RACHEL CAMPOS-DUFFY (CO-HOST): I don't know, if you look at that map and the areas that they have that you say could end up in this peace agreement, that's true. And that's why we should have never provoked them. I mean, they made very clear that there was a red line. The red line was a neutrality for Ukraine, that they could not enter NATO. And in the end, when they get this — if they get this peace agreement — in the end, that's probably going to end up being the case anyway.
BRIAN KILMEADE (CO-HOST): No.
CAMPOS-DUFFY: I bet you that one of the conditions will have to be that Ukraine, you know, promise to remain neutral, will not be part of NATO.
KILMEADE: Well, I'll tell you what, you can never give into what Russia wants other nations to do. You decide --
CAMPOS-DUFFY: Well --
KILMEADE: They are going to decide to go into NATO --
CAMPOS-DUFFY: Well, we --
KILMEADE: -- to go into the European union, when they are a European society that wants that?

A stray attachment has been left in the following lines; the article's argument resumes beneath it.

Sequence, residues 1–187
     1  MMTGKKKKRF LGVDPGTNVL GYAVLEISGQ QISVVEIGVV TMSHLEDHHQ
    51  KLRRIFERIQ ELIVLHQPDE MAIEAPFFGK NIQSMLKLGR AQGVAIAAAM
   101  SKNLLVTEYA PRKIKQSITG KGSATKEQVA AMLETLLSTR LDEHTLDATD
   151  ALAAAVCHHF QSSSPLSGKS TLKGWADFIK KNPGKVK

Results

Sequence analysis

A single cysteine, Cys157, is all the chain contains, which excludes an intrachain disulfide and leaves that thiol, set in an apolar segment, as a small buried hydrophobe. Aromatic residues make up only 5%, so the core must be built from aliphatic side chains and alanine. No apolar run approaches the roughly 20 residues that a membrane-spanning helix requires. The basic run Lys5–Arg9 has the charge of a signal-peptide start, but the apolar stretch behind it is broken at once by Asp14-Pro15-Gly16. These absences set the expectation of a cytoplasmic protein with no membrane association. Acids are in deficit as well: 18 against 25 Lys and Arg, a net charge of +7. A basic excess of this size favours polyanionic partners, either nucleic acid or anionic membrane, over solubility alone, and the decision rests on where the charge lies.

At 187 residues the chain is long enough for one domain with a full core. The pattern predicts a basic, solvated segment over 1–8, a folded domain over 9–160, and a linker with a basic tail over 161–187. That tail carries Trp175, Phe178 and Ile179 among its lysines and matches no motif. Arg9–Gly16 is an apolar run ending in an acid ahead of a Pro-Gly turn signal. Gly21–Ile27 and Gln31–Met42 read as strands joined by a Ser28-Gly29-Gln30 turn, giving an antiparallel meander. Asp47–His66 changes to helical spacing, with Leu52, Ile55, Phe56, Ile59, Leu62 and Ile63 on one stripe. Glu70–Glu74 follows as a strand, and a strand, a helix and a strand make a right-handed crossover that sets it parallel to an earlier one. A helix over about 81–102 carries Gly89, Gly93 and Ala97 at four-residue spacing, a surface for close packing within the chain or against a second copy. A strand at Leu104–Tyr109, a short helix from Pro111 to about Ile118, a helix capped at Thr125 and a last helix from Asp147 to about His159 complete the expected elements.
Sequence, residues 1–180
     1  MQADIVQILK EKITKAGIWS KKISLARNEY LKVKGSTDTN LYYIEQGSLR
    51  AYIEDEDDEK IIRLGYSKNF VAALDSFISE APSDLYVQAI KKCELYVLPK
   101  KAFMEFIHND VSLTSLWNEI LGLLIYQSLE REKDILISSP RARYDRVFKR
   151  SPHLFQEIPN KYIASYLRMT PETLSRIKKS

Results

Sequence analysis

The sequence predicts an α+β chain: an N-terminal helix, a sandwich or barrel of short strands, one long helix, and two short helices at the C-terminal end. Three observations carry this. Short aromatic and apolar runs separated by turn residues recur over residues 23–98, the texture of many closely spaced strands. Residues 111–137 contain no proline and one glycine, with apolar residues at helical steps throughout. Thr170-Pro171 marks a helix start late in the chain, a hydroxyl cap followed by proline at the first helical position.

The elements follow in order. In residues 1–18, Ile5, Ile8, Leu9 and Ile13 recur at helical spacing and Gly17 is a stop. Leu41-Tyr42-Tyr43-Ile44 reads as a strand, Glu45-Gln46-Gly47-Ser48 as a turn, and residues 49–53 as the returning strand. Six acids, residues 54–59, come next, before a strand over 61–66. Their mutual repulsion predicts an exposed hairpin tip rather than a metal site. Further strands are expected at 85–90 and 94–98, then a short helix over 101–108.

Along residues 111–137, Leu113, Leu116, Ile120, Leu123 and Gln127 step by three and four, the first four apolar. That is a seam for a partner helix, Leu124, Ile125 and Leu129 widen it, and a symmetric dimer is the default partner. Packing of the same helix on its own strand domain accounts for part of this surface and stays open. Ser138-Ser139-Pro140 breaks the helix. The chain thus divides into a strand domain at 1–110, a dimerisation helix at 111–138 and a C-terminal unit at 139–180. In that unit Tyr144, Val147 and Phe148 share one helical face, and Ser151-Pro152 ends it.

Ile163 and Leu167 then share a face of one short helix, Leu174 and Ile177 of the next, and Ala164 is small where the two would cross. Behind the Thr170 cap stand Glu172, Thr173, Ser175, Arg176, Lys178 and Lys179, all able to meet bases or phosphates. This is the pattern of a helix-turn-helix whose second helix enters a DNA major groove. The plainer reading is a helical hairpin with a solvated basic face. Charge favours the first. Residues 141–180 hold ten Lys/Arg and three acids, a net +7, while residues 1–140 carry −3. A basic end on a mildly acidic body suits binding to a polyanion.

CAMPOS-DUFFY: We have a Monroe doctrine and I think we would be very concerned about this kind of action in our hemisphere. I think he said 'keep it neutral.' And in the end, probably Ukraine is going to lose more land because of this. Again, the main problem here as you see, and as we discussed earlier —
KILMEADE: Is Vladimir Putin.
CAMPOS-DUFFY: Well, no, actually, the main problem is still China. And now we have created a bigger block. China and Russia together. This is why our policy makers aren't thinking long-term.
STEVE DOOCY (CO-HOST): Right.
CAMPOS-DUFFY: Provoking this has brought our two enemies closer together.
KILMEADE: We did not provoke the war.
CAMPOS-DUFFY: No, no.
KILMEADE: They provoked the war.
CAMPOS-DUFFY: Well, they had a red line. And we had an agreement in November, a security agreement —
KILMEADE: They can't make a red line in other countries, Rachel. It's not up to them to make a red line in other countries.
CAMPOS-DUFFY: This is the fate of the geography of Ukraine, and they could have remained a free country. We could have armed them.